Décor choices can have a big impact on how large or small a home appears. Professional home stagers chime in with some tips on how to show off square footage, even when space is tight.
- Remove heavy drapes. Leave windows bare or hang sheer linen curtains. The space will feel brighter, and “you’ll extend the view to the outdoors, which will automatically make your space feel larger,” home staging expert Lori Matzke told realtor.com®.
- Go monochrome. Painting every room in the same color can help lengthen a smaller space. It “prevents your space from feeling choppy and gives it more of a continuous feel,” Matzke says.
Furnishings and accessories should also be monochrome. Reduce contrasting colors whenever possible, says Justin M. Riordan, founder of Portland, Ore., and Seattle-based Spade and Archer Design Agency. “If you have a room with taupe walls, walnut floors, a brown sofa, and milk-chocolate pillows—all various names for medium brown—the edges of each item will be less defined and, in turn, be perceived as taking up less space,” Riordan says.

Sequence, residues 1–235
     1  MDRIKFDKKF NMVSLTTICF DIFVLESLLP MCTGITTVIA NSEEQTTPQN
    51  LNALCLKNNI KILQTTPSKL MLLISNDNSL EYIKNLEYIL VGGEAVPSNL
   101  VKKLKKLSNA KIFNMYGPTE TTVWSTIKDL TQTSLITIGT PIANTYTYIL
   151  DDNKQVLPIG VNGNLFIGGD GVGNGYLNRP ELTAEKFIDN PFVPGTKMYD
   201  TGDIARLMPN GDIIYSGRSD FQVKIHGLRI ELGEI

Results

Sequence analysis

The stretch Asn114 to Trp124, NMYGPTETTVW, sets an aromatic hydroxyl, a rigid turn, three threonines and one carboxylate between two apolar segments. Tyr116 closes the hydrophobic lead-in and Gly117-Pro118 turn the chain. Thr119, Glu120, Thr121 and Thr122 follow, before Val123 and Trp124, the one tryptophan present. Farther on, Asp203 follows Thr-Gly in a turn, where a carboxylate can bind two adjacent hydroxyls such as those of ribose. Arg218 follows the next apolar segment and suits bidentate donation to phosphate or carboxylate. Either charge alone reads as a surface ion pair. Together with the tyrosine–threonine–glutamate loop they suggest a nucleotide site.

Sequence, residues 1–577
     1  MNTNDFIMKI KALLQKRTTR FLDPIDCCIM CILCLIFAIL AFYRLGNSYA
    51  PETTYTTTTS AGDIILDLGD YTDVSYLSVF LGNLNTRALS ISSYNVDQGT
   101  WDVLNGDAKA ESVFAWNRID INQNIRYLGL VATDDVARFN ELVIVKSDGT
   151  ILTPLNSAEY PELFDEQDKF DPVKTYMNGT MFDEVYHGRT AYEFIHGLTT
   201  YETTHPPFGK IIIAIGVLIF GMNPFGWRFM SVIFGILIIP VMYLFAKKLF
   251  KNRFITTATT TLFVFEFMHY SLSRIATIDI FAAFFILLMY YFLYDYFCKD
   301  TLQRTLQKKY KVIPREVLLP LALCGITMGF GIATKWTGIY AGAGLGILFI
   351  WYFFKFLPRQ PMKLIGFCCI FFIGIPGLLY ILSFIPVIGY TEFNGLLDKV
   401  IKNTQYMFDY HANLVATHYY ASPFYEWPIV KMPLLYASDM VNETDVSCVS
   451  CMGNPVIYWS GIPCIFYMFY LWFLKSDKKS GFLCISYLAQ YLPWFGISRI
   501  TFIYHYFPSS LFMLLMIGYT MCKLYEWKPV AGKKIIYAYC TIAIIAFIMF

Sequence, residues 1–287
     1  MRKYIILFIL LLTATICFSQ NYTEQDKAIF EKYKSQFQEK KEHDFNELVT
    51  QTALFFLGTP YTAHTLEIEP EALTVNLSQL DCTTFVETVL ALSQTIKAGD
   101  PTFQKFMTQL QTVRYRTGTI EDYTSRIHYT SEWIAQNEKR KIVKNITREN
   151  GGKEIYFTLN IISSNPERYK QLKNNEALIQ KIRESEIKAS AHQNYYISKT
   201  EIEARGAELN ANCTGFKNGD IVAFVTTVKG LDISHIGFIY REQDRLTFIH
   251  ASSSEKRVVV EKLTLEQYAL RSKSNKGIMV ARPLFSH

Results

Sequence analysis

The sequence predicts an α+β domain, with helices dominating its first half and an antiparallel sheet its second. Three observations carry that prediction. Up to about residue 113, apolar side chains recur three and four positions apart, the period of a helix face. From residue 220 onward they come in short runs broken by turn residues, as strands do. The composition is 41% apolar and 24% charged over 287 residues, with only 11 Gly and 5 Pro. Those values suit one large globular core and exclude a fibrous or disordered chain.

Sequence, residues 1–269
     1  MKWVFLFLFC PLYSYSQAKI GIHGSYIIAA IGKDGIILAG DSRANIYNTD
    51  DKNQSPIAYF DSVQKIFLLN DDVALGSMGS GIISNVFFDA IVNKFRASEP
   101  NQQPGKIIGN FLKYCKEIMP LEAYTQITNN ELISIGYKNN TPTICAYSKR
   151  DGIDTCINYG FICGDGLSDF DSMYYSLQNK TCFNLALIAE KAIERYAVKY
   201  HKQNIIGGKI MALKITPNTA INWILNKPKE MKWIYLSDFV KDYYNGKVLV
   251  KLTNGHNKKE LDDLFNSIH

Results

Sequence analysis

- Remove rugs. “The more you break up the flow of your flooring, the smaller your space will feel,” Matzke says. Limit rugs to only one or two main areas, such as under the dining table. Also, small rugs can dwarf a space, so when you do use them, make sure they aren’t too tiny.
- Lose the artwork. Resist the temptation to cover your walls with artwork or other hangings. Blank space “gives a room a chance to breathe,” Matzke says.
- Watch your corners. “Leaving the corners of a room open extends the buyer’s view into a space,” Matzke says. “The more open space you can see, the larger the rooms will feel.”
- Add mirrors to rooms. Mirrors can help make a small room appear larger by reflecting more natural light, Bee Heinemann, marketing director and interior decorating expert at Vänt Wall Panels told realtor.com®. Consider placing a mirror next to or directly across from a window to add more depth to the room.
- Raise the bar (in the bathroom). Place shower curtains and window treatments higher up on the wall. “Hang it as high as you can,” Heinemann says. “Doing so gives the illusion of higher ceilings and greater space.”
Source: realtor.com® (Sept. 6, 2017)